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McMaster University | Department of Chemistry


Dr. Hao Xiaojuan Seminar
ABB 163 -
Seminars & Colloquia



People focus on close objects by changing the shape of the natural lens inside the eye. However, as we age the natural lens hardens and we gradually lose our ability to near focus (a condition known as presbyopia) and as a result most people eventually need reading glasses after around 45 years old. This project aims to develop an artificial lens designed to restore the eye’s ability to near focus (restoration of accommodation). We have developed polysiloxane soft gels that can be injected into the capsular bag of the eye and crosslinked in situ (an injectable, in situ curable accommodating intraocular lens) to replace a hardened and/or cataractous natural crystalline lens which is no longer capable of accommodating. These materials are designed to mimic the optical and mechanical properties of a young person’s natural lens thus restoring accommodation of the aged eyes. Due to the fact that most of people lose their ability to near focus as they age, this medical device has potential to have a huge impact on improving the quality of human life worldwide.

This is an internationally collaborative project between Commonwealth Scientific and Industrial Research Organisation (CSIRO, Australia), Vision Collaborative Research Centre (VCRC, UNSW, Sydney), Bascom Palmer Eye Institute (University of Miami, USA), and LV Prasad Eye Institute (Hyderabad, India).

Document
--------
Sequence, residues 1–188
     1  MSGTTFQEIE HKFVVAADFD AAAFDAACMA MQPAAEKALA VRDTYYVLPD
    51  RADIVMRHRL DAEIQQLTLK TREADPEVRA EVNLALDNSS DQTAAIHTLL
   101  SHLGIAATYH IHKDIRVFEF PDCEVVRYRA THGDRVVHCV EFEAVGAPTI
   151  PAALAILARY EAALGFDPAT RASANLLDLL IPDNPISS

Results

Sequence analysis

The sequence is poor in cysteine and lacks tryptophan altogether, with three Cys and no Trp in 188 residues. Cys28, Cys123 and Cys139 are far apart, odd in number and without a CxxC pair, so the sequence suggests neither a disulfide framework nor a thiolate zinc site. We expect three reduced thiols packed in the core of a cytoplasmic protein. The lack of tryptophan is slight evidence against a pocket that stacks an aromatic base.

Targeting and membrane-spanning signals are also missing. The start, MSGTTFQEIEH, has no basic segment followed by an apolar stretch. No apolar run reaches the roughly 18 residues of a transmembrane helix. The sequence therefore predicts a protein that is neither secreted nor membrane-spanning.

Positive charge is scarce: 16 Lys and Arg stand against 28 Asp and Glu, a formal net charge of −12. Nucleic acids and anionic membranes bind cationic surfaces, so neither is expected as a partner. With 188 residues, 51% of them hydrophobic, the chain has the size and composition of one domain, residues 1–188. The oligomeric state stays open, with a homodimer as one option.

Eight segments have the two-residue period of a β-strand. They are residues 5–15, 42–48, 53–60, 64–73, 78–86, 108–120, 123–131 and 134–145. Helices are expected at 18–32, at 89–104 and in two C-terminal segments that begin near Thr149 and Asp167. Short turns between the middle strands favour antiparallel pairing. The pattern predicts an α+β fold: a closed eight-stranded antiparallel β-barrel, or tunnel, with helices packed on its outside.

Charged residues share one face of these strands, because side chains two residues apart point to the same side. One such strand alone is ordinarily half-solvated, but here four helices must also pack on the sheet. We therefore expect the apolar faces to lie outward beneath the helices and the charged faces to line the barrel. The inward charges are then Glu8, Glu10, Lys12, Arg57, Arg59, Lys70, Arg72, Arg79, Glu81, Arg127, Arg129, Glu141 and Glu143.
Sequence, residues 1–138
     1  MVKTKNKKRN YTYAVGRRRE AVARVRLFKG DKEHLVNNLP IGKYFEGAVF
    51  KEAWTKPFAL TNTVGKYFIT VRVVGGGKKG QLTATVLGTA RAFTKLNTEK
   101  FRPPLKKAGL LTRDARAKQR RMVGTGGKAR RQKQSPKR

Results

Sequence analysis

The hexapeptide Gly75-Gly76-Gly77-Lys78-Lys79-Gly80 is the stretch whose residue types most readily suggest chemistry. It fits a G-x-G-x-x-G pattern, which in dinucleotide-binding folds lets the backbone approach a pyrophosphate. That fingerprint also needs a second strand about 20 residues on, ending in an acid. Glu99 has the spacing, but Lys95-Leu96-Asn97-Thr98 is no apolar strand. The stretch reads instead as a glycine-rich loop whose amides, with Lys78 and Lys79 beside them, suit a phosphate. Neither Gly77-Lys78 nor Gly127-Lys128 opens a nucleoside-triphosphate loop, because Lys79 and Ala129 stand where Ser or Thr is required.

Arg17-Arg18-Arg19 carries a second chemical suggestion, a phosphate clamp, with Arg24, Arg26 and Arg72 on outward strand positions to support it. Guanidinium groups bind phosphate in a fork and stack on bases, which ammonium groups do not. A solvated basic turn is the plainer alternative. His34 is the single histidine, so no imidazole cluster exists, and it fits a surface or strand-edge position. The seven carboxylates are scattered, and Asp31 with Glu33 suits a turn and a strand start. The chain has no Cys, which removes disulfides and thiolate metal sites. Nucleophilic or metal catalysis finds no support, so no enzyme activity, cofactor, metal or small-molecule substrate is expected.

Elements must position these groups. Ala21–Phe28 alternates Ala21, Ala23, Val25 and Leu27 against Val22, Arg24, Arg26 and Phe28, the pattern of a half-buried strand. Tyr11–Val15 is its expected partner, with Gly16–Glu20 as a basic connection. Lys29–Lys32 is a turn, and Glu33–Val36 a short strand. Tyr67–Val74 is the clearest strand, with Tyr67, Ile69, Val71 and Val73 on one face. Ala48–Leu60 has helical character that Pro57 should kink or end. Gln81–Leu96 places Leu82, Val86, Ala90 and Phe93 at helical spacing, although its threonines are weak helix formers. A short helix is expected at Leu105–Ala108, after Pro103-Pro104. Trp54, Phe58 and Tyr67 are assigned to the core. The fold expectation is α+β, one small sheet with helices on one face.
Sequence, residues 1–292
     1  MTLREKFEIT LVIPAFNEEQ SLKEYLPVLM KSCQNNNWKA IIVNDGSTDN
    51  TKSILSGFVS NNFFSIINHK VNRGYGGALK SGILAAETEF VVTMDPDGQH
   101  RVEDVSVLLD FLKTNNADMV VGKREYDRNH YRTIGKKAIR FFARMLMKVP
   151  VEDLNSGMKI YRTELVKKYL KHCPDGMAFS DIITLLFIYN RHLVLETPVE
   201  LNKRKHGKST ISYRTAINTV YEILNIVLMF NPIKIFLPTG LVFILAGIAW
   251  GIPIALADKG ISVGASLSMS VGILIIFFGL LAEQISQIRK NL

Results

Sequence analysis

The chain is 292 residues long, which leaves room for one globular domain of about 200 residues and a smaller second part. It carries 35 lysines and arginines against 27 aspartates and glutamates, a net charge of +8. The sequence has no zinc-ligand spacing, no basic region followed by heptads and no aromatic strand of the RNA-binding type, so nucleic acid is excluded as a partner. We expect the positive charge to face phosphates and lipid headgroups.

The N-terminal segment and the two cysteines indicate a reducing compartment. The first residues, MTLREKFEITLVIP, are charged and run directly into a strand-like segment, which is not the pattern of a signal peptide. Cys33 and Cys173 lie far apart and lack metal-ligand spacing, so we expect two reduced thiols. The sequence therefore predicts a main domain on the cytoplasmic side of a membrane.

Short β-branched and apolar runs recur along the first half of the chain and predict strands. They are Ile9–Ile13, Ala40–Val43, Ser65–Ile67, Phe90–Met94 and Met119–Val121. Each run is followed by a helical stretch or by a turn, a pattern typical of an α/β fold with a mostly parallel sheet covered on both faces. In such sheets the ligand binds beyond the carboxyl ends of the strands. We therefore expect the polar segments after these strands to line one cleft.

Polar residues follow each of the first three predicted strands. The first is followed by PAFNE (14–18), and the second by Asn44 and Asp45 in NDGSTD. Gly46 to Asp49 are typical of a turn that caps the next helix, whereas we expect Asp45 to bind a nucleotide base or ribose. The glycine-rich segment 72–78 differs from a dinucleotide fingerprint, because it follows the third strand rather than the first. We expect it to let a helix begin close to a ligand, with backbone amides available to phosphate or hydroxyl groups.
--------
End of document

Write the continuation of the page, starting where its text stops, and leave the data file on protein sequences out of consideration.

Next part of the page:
About the speaker

Dr Xiaojuan Hao received her PhD from the University of New England, Australia, in 2001. She did her first Post Doctoral fellowship at the University of Melbourne with Professor David Solomon, where She worked on polyacrylamide hydrogels for protein separation, a technology that was later commercialised by the establishment of a new company, Gradipore. Dr Hao then took up her second postdoc position at the University of New South Wales to work with Professor Tom Davis on RAFT chemistry. During this time she designed and prepared a range of functional polymers of different architectures via RAFT free radical polymerisation, including a variety of block polymers, star polymers, and core-shell structured nano to micro particles. In 2006, she joined the Biomaterials group at CSIRO Molecular and Health Technologies as a research Scientist. She currently works on a variety of biomaterials, including ophthalmic materials, drug delivery systems, and functionalised carbon nanotubes for medical imaging contrast agents, etc. Her research interests include the design and synthesis of macromolecules particularly for biomedical applications.


ABB 163
Chemistry & Chemical Biology
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